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The major advantages of Drosophila melanogaster are a well-characterized immune system and high degree of susceptibility to tuberculosis caused by Mycobacterium marinum. The D. melanogaster-M. marinum infection model is gaining momentum as a screening tool because it is genetically amenable, low priced, rapid, technically convenient and ethically acceptable. In this context, the aim of this study was to develop a new, effective D. melanogaster-M. marinum in vivo efficacy model for antimycobacterial drug discovery. D. melanogaster were challenged with intra-abdominal injections of M. marinum and infected flies were fed with a fly medium containing isoniazid, rifampicin, ethambutol, pyrazinamide, amikacin, dinitrobenzamide or ampicillin dissolved in DMSO at different concentrations (0, 100 and 500 mg/L). Bacterial dissemination in flies was monitored by fluorescence microscopy/cfu counts and a fly survival curve was plotted. The D. melanogaster-M. marinum model allowed assessment of the effectiveness of antibiotic treatment not only with conventional drugs, but also with newly discovered antimycobacterial agents. Rifampicin, dinitrobenzamide, amikacin and isoniazid effectively extended the life span of infected flies and ethambutol showed slightly improved survival. However, M. marinum infection was not cured by ampicillin or pyrazinamide. This D. melanogaster-M. marinum infection/curing methodology may be valuable in the rapid evaluation of the activity of new antimycobacterial agents in drug discovery.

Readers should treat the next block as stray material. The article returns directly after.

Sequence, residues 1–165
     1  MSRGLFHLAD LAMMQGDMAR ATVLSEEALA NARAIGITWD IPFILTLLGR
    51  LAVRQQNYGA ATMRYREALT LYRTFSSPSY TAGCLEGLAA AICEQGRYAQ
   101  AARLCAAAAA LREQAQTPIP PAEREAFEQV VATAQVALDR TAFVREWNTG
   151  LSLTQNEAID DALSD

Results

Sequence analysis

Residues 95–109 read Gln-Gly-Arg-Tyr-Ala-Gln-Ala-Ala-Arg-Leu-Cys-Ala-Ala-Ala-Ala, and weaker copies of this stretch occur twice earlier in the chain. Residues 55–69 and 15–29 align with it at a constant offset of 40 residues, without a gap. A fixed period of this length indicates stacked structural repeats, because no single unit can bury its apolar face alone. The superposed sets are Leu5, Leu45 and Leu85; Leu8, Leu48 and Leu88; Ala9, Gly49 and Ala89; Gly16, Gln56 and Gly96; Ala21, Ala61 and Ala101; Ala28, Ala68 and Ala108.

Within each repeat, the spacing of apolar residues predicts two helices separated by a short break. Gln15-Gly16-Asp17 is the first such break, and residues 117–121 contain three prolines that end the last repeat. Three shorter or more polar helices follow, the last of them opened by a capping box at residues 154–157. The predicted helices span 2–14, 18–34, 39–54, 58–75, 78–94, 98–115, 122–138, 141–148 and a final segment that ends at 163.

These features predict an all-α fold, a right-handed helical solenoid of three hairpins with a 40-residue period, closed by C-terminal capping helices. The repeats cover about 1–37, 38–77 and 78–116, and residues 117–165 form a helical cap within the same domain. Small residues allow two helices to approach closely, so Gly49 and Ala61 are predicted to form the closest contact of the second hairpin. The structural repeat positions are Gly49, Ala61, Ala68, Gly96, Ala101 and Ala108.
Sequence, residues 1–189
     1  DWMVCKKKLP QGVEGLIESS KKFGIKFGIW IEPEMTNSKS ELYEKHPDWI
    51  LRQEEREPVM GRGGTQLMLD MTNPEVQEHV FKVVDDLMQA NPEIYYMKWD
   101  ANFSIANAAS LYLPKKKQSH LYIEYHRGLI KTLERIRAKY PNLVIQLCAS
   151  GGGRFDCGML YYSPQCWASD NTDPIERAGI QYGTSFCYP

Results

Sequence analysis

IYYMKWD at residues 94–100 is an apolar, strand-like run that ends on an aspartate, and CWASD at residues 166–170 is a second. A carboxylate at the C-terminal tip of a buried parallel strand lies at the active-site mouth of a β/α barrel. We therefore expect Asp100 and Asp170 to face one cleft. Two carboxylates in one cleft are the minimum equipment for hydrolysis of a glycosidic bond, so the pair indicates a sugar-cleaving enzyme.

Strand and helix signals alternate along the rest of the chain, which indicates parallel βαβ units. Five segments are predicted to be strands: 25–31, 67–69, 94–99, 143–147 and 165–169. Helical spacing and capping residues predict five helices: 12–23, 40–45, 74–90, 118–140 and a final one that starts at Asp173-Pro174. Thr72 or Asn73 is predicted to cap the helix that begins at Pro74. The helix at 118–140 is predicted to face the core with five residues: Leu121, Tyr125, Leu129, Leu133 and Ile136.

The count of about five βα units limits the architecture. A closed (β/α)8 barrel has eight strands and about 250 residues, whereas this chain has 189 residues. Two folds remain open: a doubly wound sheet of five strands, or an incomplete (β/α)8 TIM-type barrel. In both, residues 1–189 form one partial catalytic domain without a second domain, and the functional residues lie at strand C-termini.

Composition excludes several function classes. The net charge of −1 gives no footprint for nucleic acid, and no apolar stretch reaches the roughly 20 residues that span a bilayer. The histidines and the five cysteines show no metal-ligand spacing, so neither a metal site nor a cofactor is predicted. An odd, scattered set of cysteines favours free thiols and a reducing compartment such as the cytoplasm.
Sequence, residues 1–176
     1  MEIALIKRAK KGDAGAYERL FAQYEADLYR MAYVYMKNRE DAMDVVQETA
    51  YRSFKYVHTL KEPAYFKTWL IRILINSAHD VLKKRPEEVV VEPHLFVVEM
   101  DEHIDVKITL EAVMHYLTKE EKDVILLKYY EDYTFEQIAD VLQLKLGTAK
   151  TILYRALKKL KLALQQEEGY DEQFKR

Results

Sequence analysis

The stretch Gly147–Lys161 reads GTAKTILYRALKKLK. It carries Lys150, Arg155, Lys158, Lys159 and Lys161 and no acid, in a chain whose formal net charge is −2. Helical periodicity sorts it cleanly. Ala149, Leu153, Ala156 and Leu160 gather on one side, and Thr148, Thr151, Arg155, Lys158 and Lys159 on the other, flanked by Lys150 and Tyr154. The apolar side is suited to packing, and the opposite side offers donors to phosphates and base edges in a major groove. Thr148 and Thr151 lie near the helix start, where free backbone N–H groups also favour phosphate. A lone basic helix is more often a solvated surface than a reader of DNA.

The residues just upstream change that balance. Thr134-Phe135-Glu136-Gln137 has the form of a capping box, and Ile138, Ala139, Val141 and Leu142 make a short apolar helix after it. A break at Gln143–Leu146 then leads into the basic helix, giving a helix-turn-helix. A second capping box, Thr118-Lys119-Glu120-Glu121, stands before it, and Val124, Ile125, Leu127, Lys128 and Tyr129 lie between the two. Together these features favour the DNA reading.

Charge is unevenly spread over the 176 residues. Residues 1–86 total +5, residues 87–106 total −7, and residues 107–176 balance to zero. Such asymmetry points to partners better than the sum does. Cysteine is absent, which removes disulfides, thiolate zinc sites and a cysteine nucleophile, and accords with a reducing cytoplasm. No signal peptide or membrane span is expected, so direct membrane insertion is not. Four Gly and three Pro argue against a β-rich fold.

Chun-Taek Oh, Cheol Moon, Tae Hyun Choi, Byoung Soo Kim, Jichan Jang. Mycobacterium marinum infection in Drosophila melanogaster for antimycobacterial activity assessment. The Journal of antimicrobial chemotherapy. 2013 Mar;68(3):601-9

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PMID: 23118147

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